All ten questions are read out, first once, then again. Linnet writes down a word or two to remind us of what was asked next to each answer box. There are no hints in trivia, no multiple choice. You know the answer or you don’t. The grad students put on two songs to discuss and write out answers, give us minute and thirty-second warnings before taking the scoresheets back.
This time it’s a bit of a head scratcher. At the end of the round, we’re all staring as Melvin marks down scores—
Five points. Eh. Not our best round, but hey, we’re fine.
That is, until we look at the scoreboard. Both Better than Sex (nice) and Male Nipple have eight points each. This early on, a three-point differential might be problematic.
We look at each other. We lock eyes. We can fix something in Round Two.
It’s the same as Round One. Ten questions, read out loud twice, time to confer, no theme.
No, we do not fix things. We actually do worse: Four points total—look at the scoreboard, Male Nipple and Better than Sex have six each. Not looking good.
There’s still one chance for redemption: Round Three, the picture round. The third round is different from the first two in that the questions aren’t general knowledge. Each team is instead presented with a sheet of paper with ten images. They are then asked to identify something in the pictures, whether that be character, subject, or more quirky: Which person dated all of these celebrities?
For us Traitors, the picture round is fairly boom or bust. We either get all ten or a measly two or three points. But if we do get all ten, we have another trick up our sleeves: For one of the four rounds each team can “joker,” doubling their points for that round.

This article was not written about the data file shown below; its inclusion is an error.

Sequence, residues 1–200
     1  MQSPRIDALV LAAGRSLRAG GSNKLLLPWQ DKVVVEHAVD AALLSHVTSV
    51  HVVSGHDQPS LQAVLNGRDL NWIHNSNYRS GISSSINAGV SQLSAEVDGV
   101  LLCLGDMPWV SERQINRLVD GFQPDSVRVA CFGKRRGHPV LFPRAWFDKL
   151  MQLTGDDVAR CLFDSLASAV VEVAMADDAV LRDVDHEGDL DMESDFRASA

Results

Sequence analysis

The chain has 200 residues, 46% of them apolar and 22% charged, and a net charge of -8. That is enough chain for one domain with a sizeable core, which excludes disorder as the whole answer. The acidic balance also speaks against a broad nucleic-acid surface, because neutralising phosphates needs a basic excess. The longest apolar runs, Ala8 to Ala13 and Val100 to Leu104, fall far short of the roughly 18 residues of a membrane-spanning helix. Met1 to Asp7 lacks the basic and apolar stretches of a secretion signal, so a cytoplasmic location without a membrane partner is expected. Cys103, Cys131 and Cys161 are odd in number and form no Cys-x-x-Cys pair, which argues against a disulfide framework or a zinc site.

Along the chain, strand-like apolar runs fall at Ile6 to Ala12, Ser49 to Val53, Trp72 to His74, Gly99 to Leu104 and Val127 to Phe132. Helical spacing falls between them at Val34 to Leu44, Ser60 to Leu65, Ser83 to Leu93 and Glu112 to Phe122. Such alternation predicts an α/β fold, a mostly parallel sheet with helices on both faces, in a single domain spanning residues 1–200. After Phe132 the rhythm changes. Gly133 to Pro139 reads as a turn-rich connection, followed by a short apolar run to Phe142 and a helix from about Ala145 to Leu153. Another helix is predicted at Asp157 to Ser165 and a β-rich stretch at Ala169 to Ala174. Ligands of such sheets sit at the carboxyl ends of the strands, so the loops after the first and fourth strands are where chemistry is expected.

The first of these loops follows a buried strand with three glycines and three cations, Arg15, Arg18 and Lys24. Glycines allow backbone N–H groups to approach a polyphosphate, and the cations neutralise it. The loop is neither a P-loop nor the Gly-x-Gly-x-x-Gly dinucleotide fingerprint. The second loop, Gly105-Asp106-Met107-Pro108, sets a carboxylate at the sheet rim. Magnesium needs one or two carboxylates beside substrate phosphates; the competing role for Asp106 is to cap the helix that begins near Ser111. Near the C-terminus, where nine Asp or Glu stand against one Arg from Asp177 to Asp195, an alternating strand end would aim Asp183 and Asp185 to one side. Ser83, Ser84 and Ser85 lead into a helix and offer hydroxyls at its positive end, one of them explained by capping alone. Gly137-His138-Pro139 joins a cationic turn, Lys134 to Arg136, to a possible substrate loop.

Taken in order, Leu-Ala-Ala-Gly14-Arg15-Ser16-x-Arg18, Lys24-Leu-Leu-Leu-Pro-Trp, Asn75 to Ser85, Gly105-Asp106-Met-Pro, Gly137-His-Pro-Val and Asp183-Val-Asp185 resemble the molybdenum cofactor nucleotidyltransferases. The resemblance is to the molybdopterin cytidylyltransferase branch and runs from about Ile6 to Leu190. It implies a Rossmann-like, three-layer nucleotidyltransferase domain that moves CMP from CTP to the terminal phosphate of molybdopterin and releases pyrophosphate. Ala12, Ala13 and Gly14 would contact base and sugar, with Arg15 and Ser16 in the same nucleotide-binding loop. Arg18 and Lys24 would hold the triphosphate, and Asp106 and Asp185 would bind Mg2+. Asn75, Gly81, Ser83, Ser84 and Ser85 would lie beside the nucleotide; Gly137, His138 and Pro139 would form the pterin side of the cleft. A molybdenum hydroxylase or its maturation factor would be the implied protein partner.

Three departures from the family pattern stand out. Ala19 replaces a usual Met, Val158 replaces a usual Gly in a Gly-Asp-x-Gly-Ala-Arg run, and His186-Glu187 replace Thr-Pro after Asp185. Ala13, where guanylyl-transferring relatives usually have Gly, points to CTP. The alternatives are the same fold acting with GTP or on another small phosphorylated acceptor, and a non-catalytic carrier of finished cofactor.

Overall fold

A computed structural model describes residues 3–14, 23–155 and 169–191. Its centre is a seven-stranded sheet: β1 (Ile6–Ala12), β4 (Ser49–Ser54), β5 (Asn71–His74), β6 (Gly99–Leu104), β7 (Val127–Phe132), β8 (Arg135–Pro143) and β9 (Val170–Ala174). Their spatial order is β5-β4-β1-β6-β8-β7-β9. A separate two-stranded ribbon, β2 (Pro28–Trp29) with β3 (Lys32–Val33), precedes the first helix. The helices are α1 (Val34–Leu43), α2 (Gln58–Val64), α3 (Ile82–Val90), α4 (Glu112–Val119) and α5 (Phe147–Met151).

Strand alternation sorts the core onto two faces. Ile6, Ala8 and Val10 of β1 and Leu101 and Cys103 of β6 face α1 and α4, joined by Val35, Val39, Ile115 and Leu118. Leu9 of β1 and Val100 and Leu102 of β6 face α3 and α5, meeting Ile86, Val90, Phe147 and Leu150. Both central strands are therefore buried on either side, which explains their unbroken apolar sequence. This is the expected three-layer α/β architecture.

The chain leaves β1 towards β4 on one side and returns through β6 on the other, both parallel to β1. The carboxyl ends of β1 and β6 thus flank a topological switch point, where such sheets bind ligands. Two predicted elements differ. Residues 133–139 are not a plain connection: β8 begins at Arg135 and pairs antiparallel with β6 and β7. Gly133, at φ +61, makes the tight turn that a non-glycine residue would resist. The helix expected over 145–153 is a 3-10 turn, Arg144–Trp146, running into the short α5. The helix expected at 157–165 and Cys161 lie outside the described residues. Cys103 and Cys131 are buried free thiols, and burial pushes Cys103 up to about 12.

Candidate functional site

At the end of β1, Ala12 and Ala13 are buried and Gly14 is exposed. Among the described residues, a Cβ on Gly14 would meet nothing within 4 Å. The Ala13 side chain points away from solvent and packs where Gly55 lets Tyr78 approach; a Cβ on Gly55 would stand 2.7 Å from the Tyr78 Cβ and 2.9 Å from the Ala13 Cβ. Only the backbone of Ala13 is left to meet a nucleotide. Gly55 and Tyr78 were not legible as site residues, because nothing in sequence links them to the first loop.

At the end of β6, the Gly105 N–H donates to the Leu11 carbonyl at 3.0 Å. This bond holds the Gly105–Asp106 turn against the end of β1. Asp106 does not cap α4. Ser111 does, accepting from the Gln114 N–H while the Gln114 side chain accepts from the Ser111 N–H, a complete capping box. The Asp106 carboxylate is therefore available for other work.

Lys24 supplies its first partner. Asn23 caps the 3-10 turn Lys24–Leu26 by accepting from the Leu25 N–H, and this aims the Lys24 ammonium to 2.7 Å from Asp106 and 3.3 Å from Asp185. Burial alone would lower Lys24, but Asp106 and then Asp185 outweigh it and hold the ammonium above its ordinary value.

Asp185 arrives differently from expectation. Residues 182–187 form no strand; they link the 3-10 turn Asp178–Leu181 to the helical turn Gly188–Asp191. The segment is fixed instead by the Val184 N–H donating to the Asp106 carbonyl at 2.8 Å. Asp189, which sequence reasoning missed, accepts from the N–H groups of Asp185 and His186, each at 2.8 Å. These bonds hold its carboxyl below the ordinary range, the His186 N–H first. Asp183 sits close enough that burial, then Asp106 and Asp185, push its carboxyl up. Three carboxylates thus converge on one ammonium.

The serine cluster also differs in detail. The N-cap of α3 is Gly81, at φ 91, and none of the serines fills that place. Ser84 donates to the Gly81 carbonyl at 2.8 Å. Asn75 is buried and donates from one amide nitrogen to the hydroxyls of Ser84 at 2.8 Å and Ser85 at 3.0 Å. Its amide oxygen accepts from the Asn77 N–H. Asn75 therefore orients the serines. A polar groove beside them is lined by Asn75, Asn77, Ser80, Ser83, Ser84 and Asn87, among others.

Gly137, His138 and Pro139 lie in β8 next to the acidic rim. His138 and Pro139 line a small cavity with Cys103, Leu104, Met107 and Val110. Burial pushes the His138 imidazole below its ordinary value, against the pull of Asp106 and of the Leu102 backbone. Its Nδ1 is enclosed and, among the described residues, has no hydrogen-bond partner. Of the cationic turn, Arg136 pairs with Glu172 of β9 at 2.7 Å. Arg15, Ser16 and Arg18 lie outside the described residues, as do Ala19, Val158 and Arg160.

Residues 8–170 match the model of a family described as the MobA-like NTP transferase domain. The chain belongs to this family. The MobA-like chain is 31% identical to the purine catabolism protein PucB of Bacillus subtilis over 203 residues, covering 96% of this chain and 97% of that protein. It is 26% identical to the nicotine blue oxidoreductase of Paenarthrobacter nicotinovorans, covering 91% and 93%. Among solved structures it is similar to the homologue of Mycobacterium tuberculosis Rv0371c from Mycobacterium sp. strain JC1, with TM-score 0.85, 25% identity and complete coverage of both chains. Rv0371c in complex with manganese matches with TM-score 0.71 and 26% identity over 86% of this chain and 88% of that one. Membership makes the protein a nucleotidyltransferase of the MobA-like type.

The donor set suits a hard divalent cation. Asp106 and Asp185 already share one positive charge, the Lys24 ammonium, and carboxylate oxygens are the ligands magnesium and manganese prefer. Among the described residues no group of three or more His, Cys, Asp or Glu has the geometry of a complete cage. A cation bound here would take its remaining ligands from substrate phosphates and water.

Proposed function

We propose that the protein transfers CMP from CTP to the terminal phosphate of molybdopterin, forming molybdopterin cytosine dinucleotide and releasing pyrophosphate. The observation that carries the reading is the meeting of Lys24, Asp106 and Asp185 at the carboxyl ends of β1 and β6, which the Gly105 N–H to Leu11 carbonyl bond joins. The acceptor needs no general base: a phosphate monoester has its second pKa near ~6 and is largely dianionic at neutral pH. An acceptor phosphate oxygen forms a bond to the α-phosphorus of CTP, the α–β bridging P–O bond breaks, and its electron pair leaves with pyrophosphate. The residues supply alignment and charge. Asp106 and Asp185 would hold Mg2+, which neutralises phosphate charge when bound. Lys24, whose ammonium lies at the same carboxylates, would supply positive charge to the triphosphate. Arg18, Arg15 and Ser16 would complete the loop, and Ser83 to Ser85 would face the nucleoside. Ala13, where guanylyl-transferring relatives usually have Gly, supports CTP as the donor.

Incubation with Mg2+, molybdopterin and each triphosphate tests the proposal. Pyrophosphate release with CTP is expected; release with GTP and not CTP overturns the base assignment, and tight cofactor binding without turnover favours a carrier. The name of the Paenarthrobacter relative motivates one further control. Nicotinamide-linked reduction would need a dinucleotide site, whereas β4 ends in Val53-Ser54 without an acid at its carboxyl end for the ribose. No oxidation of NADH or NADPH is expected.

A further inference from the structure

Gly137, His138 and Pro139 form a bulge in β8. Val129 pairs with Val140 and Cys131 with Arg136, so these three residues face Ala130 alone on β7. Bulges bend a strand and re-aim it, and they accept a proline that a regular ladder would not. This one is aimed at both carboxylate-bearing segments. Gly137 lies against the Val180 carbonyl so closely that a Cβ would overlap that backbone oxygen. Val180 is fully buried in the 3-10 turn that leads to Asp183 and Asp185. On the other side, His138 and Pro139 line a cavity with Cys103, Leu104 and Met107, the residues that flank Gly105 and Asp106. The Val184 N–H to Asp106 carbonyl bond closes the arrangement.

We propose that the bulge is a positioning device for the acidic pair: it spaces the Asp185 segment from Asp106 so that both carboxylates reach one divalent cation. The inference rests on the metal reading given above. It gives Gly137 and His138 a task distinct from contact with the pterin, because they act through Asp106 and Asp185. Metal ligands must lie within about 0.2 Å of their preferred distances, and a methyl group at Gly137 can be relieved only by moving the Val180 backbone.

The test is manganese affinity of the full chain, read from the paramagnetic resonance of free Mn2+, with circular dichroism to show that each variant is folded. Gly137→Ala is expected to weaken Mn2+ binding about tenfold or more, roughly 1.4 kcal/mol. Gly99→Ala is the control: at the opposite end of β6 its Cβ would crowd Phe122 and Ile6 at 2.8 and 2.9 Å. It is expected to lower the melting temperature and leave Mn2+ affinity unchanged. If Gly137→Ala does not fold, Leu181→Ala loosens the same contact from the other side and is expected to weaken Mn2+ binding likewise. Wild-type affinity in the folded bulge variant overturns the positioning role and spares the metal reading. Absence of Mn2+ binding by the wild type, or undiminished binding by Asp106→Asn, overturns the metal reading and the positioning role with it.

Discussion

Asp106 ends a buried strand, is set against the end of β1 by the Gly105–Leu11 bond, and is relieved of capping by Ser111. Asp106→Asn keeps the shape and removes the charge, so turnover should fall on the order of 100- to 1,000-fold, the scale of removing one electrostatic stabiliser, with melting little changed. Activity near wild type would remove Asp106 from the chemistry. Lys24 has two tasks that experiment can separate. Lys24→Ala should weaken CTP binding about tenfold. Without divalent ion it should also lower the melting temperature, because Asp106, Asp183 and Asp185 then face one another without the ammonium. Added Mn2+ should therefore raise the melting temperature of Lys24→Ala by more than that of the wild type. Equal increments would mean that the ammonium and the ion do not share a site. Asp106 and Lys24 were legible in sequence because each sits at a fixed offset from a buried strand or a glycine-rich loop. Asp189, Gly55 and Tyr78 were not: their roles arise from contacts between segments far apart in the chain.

It’s a big risk. You only get one per game, and in order to win you have to use it correctly. Still, this represents an opportunity to make twenty points and catapult head-over-toe past our inadequately-named rivals.
Melvin announces the theme: Oscar nominated movies. We look at one another. A shout breaks out.
This is our round.
Looks like it’s stills from each film. A lot of them are pretty obvious, we get them in a second or two. The one with blue people? Avatar. The one with an old guy and period lighting? Probably Elvis. The one with Paul Mescal? Aftersun. The weird, half-animated one? That’ll be Marcel the Shell with Shoes On. The Banshees of Inisherin, Everything Everywhere All at Once, and The Fablemans go similarly quickly. The space guy stumps us initially, but Linnet points out at the last minute that it’s got to be Top Gun: Maverick.
(I wouldn’t know. ’Cause only I watch films.)
Which leaves only the one at the end. Number 10. It depicts— a lava flow? The National Geographic logo? What?
(Well. I don’t watch documentaries…)
Someone says something like, Our Burning World.
Sure. That’s fine. Just put it down.
Time is running out and we’re looking back at the answers. It all looks good and then Tim, who is not a movie person, says Hey. I have an idea. For some reason, I feel like ten is Fire of Our Love.
(What?) (That sounds really dumb.) (Yeah.) (Sure.)
Does anyone have something better? I mean—
So we put it down. There’s a thrum in the air as the score sheets are collected, as the organizers start correcting and as Arthur steps up and reads out the answers. Starts off as expected: Banshees, Fablemans, whatever, whatever, whatever.
You get a sense of the room. When a team gets a hard question right, you hear them shout. Every once in a while people mess up a question they expected to get, and there’s a collective groan, low and angry. Pretty quiet this round; we make eye contact with our rivals, they make eye contact with us. No real emotion for better or worse.
Tensions ratchet as time progresses. Question eight, question nine, so far we’ve gotten everything right. And we’re basically blowing it off at this point. eighteen points with a joker isn’t super bad, it may not be super great but it isn’t super bad either, right?